Set within the large wooded estate of the Observatory Hill, (one of the seven hills Shimla is built on) IIAS became the Rastrapati Niwas after Independence which was then officially handed over to the Institute by President S Radhakrishnan on October 20, 1965. This place also has historical significance as the 1945 Shima Conference was hosted by the 19th Viceroy of India, Viscount Archibald Wavell, which was attended by major political leaders including Pandit Jawarharlal Nehru, Sardar Patel, Maulana Azad, Liaqat Ali Khan, Master Tara Singh and Mohammed Ali Jinnah.

Khem Raj Verma, Supervisor of the Institute states, “The old fire station was converted into the Fire Station Café with a Souvenir Shop in 2009. Here tourists can take a well rested break after visiting the Institute. A selected collection of books both in Hindi and English, collectibles such as mugs, sweat shirts, caps and greeting cards with the Institutes images, a small café with few tables serving limited snacks as well as a visitors information centre cum ticketing counter have been opened”.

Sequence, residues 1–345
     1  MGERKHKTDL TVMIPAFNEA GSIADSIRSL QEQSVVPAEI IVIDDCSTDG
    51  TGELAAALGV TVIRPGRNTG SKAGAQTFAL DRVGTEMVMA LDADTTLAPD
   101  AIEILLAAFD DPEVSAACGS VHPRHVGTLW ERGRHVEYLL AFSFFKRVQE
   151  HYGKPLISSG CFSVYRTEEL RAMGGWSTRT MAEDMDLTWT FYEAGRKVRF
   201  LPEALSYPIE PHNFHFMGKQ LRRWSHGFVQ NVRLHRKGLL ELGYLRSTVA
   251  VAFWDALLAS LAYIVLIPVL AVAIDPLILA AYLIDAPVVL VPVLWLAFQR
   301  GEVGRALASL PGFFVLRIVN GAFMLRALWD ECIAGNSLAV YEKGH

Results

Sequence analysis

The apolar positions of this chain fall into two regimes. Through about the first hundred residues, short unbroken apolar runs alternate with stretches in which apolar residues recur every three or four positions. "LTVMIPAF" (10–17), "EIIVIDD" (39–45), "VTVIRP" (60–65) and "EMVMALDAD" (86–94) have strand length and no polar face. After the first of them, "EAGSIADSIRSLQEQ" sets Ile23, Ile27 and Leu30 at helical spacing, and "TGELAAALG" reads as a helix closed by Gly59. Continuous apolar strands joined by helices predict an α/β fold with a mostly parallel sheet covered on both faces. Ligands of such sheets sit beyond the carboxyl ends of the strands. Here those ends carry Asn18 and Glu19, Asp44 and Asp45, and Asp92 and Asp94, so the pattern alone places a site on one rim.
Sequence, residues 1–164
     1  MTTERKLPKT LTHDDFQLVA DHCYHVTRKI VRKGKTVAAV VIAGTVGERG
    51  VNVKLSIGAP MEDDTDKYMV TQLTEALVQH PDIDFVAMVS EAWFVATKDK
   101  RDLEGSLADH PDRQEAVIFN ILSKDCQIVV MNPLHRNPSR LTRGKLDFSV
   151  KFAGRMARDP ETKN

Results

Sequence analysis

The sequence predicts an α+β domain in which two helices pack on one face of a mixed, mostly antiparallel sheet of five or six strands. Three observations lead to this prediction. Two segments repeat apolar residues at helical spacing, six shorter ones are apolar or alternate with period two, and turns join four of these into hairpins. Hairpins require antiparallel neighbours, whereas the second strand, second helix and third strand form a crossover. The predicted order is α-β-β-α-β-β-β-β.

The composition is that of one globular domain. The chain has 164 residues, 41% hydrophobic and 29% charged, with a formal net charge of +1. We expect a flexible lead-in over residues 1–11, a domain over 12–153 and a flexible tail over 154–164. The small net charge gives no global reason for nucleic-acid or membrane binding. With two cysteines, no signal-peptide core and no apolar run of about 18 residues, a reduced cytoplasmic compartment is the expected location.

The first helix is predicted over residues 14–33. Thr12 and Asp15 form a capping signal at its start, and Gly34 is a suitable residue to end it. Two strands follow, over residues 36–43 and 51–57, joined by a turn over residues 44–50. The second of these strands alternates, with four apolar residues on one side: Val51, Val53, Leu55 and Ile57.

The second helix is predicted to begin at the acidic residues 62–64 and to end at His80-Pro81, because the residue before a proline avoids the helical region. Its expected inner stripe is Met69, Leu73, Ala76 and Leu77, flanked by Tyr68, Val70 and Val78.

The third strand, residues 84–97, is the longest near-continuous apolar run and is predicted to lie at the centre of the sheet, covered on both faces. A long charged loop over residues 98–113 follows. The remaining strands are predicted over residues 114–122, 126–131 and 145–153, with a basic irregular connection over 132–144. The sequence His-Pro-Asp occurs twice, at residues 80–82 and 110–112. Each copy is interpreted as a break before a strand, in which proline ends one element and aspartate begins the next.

Notable recent changes that have taken place are the Court Gallery which was once a Squash Court and the Pool Theatre which was a Swimming Pool. The Court Gallery consists of rare collection photographs of the Institute dating since 1888, which were procured from the Bowood Estate, Western Part of United Kingdom and the British Library, London in 2010. Verma added, “With help from the Middlesex University, we were able to get these photographs. The swimming pool built in 1888 is now a plush theatre where movies are featured for resident scholars and the Institute’s students. Conferences, meetings and conventions too are held here from time to time. Efforts are being made to open more and more areas for the tourists while at the same time maintaining the sanctity of the place”.